Bolognese is one of those staple dishes that almost everybody likes. It is a safe option to make when you invite friends for a dinner, and is also super practical to make in a bigger batch and store for later.
It can be made completely plant-based and 100% delicious, even without the classic meat substitutes. In this post I will share a recipe for a bolognese sauce made with sprouted brown lentils.
Making a super tasty vegan version of bolognese sauce is more than possible – trust me, you don’t need to be following a certain diet to fall in love with this dish. Many of my non-vegan friends wanted me to cook it over and over again after trying it and saying that it tasted almost like the real thing.
There are many foodstuffs that can be used instead of meat in a bolognese sauce. The most common ingredient would probably be soy protein flakes, because they really resemble meat in texture; another great option is crumbled tofu (that one might even be one of my favourites).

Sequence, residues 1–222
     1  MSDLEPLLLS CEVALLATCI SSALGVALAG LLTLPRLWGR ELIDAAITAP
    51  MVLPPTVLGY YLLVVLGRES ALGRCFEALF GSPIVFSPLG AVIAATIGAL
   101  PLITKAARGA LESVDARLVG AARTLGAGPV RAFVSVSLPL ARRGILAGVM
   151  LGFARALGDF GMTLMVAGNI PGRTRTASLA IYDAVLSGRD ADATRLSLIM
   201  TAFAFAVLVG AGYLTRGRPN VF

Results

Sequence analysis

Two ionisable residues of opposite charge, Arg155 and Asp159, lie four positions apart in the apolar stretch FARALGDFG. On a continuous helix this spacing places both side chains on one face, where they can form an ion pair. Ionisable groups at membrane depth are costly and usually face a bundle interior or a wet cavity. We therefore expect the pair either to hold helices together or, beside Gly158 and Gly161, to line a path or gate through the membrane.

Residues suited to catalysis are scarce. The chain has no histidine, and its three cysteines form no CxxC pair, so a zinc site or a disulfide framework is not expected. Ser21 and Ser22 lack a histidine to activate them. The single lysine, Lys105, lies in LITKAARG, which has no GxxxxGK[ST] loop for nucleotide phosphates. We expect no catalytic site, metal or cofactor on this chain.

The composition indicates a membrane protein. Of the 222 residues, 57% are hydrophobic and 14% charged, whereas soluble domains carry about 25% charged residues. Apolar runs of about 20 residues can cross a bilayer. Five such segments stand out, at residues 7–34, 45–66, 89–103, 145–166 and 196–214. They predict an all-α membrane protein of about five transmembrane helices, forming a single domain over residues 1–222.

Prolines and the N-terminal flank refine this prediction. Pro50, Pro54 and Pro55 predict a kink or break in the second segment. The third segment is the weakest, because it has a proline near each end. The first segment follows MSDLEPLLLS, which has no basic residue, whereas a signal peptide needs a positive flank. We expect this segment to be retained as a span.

But today I want to share with you the most natural and wholesome option, without meat substitutes, that will give you a truly nutritious meal without compromising the taste.
The key ingredient? Lentils.
Lentils are naturally packed with protein and certain micronutrients (such as potassium and folate), but also rich in fiber and low in fat. They are quite mild in taste, which makes them a good base for a sauce that will have other predominant flavours.
The best varieties of lentils to use in this recipe are brown and green ones. This time I chose the brown ones because they are slightly smaller and I love how their texture fits in the bolognese sauce. But if you decide upon the green ones, you won’t go wrong either.
I always like to sprout the pulses before using them in cooking; sprouting makes them better for digestion and shortens the time required to cook them. However, if you don’t have enough time to grow sprouts, soaking the lentils overnight will be good enough to prepare them for cooking.